N Blake in the article “How to be an effective Charge Nurse” states that frontline nurse leaders must ensure staff members have appropriate training and qualifications for the patient assignment and match the staff’s competencies with the needs of the patient. As a leader on their shift, they also need to assure that adequate resources are available, policies and procedures are followed, and regulatory requirements are met.

The front line nurse leaders wears many “hats” simultaneously. They have been equated to air traffic controllers and are often described as the “go-to” person, the one to get things done or the resource that has all of the answers. Their responsibilities may extend beyond staffing the unit. They function as a resource to the staff on the unit, other departments and disciplines, and even physicians. They possess more than clinical expertise. They are problem-solvers and usually can recognise a potential problem before it arises. Exemplary leadership and communication skills also are essential in this role. Berbarie lists the characteristics necessary to be effective charge nurse: educator, change agent, innovator, mentor, leader, mediator, financial steward, evaluator and celebrator.

Researchers describe five effective decision-making behaviours for staffing resourcefulness, tactful communication, flexibility, decisiveness and aware-ness of the big picture.

Objectives

The study was set with the following objectives:

  1. To identify the leadership competencies of Front-line Nurse Leaders;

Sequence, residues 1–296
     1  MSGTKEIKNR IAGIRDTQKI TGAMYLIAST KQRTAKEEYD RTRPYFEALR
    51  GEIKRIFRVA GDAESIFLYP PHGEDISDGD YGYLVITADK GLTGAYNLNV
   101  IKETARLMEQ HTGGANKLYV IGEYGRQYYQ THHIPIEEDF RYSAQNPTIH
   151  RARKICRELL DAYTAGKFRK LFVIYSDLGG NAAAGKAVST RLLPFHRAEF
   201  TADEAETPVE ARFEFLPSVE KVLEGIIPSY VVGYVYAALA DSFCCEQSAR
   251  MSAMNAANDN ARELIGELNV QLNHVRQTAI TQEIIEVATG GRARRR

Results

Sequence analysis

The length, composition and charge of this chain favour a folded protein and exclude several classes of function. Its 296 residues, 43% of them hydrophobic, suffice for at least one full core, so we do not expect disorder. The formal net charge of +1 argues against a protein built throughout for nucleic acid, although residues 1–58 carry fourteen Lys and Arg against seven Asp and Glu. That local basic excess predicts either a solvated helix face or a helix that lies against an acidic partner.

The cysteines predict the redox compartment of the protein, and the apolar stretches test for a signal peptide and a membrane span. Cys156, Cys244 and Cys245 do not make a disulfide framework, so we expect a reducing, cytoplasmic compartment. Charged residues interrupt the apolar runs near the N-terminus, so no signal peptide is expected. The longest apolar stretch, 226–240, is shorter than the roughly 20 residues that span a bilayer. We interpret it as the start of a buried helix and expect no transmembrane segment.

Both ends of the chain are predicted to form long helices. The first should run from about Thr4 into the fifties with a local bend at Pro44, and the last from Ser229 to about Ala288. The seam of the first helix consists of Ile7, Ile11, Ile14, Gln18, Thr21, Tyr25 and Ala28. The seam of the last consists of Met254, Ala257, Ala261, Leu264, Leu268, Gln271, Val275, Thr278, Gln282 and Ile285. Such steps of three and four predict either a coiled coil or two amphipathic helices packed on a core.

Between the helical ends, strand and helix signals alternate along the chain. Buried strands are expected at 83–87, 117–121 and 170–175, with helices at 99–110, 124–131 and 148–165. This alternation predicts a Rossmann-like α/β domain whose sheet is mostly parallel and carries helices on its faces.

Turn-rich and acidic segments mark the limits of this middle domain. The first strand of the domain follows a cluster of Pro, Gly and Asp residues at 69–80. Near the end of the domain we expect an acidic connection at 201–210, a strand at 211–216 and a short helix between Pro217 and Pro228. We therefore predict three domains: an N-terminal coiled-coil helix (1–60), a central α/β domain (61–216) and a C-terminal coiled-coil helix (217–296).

2. To assess job performance and the job satisfaction of staff nurses working under them;
  3. To determine the relationship of the Leadership competencies of the Frontline Nurse Leaders with the job performance and satisfaction of staff nurses.

Methodology

A descriptive corelational study design was used in this study conducted in a selected hospital New Delhi. The sample size was 150. The population comprised of frontline nurse leaders and staff nurses working under them. Total enumeration technique was used for selecting the sample. The researcher explained the purpose of the study and a written consent was obtained.

Tools

The Tool for the Research consisted of structured questionnaires and rating scales which were categorised into 5 sections: Section 1 and Section 2 covered the demographic data of the subjects (the frontline nurse leaders and staff nurses); Sections 3, 4 and 5 worked on a rating scale assessing the leadership competency of the front nurse leaders, job satisfaction and job performance of the staff nurses working under those front nurse leaders.

Structured questionnaire on demographic data consisted of total 7 items including age, gender, religion, marital status, educational qualification and work experience.

Each of the items to assess the Leadership competency of the Frontline Nurse Leaders were put under 3-point Likert scale wherein the respondent could indicate their choice by marking with a (?) on one of the options: ‘Always’, ‘Sometimes’, or ‘Never’.